Rome was dealt a psychological blow by an attack on its very heart.
In the fall of 68 BCE, the main port at Ostia was set on fire. In the attack, the consular war fleet was destroyed. Two prominent senators, including staff and bodygurards, were kidnapped.
The response was a first century B.C. version of homeland security. The Constitution of ancient Rome had developed a system of checks and balances to prevent the concentration of power in the hands of any single individual. The consulship was jointly held by two men who were elected annually. Military commands were limited in length and subject to regular renewal by the Senate. Ordinary citizens were accustomed to a remarkable degree of civilian oversight via their Senators. “Civis Romanus sum” (“I am a Roman citizen”) brought a guarantee of safety throughout the known world.
But panic was rife after the Ostia attack. The people were now willing to compromise their rights for safety. Rome’s greatest military man, Pompey arranged for a lieutenant of his, the tribune Aulus Gabinius, to rise in the Roman Forum and propose a new law in early 67 BCE.
“Pompey was to be given not only the supreme naval command but what amounted in fact to an absolute authority and uncontrolled power over everyone,” the Greek historian Plutarch wrote. “There were not many places in the Roman world that were not included within these limits.”
Pompey eventually received almost the entire contents of the Roman Treasury to pay for his “war on terror,” which included building a fleet of 500 ships and raising an army of 120,000 infantry and 5,000 cavalry.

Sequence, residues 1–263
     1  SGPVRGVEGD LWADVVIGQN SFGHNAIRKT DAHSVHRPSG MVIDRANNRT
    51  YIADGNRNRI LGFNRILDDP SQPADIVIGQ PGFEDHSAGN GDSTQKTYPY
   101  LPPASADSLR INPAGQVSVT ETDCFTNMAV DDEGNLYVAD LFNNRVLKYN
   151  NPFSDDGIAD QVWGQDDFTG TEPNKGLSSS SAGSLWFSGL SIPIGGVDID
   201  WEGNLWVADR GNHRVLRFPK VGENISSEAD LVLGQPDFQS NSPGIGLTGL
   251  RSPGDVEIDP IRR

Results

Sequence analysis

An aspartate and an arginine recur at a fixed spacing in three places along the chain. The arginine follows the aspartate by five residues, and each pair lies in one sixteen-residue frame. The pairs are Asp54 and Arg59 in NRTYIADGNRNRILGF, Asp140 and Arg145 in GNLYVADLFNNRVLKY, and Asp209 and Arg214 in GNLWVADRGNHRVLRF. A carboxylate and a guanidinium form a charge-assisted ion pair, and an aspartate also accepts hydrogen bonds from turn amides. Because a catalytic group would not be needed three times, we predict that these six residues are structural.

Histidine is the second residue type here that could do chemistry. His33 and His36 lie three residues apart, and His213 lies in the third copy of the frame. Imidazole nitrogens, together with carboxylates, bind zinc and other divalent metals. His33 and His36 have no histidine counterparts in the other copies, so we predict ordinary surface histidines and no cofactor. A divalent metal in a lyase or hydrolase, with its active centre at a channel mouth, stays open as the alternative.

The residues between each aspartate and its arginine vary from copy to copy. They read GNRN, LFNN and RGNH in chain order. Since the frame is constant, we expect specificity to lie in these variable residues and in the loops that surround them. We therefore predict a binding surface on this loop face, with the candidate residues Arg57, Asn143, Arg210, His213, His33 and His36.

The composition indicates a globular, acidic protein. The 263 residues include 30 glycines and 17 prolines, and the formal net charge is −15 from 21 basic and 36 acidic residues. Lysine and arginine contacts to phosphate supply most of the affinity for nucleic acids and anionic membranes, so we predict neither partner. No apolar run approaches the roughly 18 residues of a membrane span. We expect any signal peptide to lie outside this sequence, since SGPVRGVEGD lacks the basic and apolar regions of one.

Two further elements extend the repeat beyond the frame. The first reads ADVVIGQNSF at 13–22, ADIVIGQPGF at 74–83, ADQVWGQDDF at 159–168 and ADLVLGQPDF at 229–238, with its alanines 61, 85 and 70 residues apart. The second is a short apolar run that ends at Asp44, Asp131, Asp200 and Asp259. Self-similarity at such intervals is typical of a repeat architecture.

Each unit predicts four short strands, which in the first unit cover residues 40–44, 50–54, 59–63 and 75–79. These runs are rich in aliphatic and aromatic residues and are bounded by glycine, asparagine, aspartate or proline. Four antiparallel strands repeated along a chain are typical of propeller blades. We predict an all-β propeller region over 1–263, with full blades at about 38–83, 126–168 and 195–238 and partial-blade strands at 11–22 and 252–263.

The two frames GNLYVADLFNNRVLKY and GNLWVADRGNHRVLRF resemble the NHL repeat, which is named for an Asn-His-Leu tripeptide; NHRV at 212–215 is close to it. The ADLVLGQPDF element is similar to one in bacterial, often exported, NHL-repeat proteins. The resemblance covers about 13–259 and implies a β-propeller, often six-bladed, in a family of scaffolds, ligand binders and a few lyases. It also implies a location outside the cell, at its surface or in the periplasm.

Such an accumulation of power was unprecedented, and there was a riot in the Senate when the bill was debated. In the end Pompey’s opponents were cowed and the Lex Gabinia passed.
It took less than three months to sweep the pirates from the entire Mediterranean. An easy victory? But it was too late to raise questions. Pompey stayed in the Middle East for six years, establishing one puppet regime after another.
The Lex Gabinia was the beginning of the end of the Roman republic. It set a precedent. Less than a decade later, Julius Caesar was awarded similar, extended military sovereignty in Gaul. Previously, the state, through the Senatatorial fiat, largely controlled the direction of its armed forces. Now the Army began to assume direction of the state.
In 49 B.C., the system collapsed completely, Caesar crossed the Rubicon, sealing the end of the Republic once and for all. It is Pompey’s legacy that set up not only the fall of the Roman Republic, but also of the Jewish Commonweath, as we shall later see.